Ryan Crosson interview
Detroit rock city
David Pollock quizzes Ryan Crosson on his Detroit techno credentials
Among techno devotees of a certain age, it’s a real brand of quality when a DJ tells you they’re from Detroit. In the case of Ryan Crosson, though, there are one or two qualifiers. ‘Well, I actually grew up in a suburb north-east of Detroit,’ he says, ‘but it’s one big metropolitan area, so everyone just says Detroit. I don’t know if that bothers any of the actual Detroit guys, though. And of course, I wasn’t around for the whole original Detroit thing. That all kicked off around 85 and really blew up at the end of the 80s. I would have been about ten, eleven years old when the big guys were happening.’
As a latecomer to clubs and to making his own productions, Crosson even missed the second wave of Detroit techno in the 90s. ‘I wasn’t going to raves when I was 14, 15 like a lot of my friends,’ he says. ‘It was when I was at university, one of my friends brought some turntables over for a New Year’s party and I was hooked, so our roommate and I split our own set.’ He graduated ‘around 2002/03’, and that’s when he met the team from Detroit’s Beretta Grey. Hanging out with them taught him how to use production tools such as Reason and Ableton, and set him on the way to remixing and producing himself.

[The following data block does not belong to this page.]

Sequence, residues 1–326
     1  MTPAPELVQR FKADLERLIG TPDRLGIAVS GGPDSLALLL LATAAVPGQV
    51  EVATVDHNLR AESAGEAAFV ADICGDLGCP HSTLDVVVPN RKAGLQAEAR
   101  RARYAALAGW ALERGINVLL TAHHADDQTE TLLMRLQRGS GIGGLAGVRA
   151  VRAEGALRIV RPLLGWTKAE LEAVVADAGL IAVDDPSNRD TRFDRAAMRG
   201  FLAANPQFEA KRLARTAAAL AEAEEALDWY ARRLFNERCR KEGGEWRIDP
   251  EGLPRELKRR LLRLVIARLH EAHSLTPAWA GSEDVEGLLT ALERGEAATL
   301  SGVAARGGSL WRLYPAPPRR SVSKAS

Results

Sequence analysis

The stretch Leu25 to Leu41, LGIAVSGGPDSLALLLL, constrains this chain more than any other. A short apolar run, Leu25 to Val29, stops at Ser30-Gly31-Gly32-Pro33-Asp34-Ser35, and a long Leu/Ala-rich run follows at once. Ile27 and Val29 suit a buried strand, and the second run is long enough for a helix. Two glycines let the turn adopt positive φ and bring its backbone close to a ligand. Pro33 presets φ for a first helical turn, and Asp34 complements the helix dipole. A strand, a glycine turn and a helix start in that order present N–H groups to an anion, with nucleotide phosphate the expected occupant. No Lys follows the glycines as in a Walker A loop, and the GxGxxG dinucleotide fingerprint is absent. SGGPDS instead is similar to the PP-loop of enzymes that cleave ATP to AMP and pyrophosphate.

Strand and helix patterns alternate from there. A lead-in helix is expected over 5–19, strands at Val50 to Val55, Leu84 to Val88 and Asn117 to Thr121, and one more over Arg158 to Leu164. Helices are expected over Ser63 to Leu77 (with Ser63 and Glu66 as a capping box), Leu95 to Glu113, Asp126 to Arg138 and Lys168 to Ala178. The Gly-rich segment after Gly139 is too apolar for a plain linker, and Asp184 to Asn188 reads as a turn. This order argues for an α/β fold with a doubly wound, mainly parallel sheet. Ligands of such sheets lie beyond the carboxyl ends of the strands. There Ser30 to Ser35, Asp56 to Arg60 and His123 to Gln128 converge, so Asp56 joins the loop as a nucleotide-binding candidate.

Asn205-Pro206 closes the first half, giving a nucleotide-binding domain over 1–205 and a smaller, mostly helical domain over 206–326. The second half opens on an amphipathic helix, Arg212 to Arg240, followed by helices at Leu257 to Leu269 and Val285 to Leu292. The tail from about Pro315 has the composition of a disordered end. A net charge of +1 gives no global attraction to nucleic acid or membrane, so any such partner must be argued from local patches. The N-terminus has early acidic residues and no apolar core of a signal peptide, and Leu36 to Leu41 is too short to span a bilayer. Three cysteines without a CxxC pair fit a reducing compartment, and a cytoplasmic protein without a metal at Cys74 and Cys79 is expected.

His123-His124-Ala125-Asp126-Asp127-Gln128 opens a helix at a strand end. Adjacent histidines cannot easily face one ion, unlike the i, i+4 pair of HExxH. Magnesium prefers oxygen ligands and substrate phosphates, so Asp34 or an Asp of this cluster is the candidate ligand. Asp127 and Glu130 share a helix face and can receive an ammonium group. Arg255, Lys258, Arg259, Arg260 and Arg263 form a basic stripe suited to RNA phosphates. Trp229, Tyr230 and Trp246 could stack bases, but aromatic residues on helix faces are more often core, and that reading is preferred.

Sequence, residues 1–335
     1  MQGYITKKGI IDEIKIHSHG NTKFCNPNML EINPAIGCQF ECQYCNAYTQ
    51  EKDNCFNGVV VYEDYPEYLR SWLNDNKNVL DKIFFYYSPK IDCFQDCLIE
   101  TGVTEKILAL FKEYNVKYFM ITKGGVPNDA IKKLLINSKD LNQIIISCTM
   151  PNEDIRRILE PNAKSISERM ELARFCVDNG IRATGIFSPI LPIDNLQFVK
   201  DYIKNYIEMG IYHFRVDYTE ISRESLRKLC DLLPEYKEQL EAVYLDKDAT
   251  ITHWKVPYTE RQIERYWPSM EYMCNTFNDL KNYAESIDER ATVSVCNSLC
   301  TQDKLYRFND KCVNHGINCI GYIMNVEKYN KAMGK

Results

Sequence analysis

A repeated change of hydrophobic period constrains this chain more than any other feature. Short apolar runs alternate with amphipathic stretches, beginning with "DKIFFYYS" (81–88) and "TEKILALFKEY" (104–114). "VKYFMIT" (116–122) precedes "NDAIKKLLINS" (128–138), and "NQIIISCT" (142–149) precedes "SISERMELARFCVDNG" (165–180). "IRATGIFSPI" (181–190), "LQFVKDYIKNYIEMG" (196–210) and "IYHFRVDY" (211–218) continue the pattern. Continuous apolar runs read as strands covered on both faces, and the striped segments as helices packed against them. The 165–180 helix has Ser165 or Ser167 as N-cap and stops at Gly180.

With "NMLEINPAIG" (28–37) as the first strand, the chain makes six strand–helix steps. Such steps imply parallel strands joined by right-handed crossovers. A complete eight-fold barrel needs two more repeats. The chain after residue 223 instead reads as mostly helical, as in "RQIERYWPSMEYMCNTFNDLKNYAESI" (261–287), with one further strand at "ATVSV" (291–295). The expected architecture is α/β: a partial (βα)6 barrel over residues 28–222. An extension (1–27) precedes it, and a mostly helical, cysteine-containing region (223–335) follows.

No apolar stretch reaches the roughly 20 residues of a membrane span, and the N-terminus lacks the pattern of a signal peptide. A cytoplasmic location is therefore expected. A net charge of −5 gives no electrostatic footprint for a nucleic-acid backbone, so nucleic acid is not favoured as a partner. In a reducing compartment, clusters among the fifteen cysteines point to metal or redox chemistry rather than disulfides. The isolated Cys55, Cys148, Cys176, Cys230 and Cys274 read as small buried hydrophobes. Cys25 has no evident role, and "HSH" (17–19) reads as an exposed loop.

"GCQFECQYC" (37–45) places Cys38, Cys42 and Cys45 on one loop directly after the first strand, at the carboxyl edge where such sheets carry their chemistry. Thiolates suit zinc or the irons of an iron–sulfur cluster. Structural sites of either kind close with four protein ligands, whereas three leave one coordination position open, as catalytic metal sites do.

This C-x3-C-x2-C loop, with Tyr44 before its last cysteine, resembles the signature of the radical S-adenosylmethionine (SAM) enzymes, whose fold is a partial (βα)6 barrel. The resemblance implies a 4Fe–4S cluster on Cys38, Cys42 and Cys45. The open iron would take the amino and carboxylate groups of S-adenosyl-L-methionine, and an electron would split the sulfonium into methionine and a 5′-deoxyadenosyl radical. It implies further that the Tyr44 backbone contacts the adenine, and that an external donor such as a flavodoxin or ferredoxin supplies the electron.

‘Even though I was from Detroit,’ he says, ‘it was still a learning curve I had to catch up on. People would play me the old Detroit records and be like, “What do you mean you’ve never heard this?” The Beretta guys were really into Joris Voorn, even though he wasn’t from Detroit, but he was making that synthy style of techno. Then when the minimal thing got huge, guys like Detroit Techno Militia were still making old-school sounds around the city, if a bit harder. And Rich was a massive influence, of course.’
Rich being Richie Hawtin, the revered second wave Detroit pioneer also known as Plastikman. ‘I started out listening to DJ Shadow driving around getting stoned with my friends,’ says Crosson. ‘Then I graduated to drum & bass and in college I discovered Plastikman, Jeff Mills, things like that.’ Of course, Crosson is more than familiar with Hawtin’s work these days: some of his tracks have been released by the latter’s M_nus label over the last few years under the alias Berg Nixon, a device that enables the label to retain exclusivity and Crosson to work for others.
It isn’t the only pseudonym or side project he has on the go either. Alongside his darker, more minimal work as Crosson/Nixon, he’s also involved in a new project entitled Birds & Souls (‘I don’t wanna say it’s progressive, but the first track is, like, arpeggiated stadium techno’) alongside Sergio Giorgini, and has recorded the odd deep house bootleg as Ian Grosson. He’s also a third of Visionquest alongside Seth Troxler and Lee Curtiss, and the three Michiganites are currently based in Berlin – although Crosson’s girlfriend lives in London, and he’s considering moving there.
‘I think this is finally gonna be the year I have a lot of music coming out,’ he says, ‘and then I’m looking at recording my first artist album for 2011. Am I the hardest working man in techno? I don’t know about that, but I’m sure trying.’
Ryan Crosson guests at Hotbox at the Universal, Glasgow, Fri 15 Jan.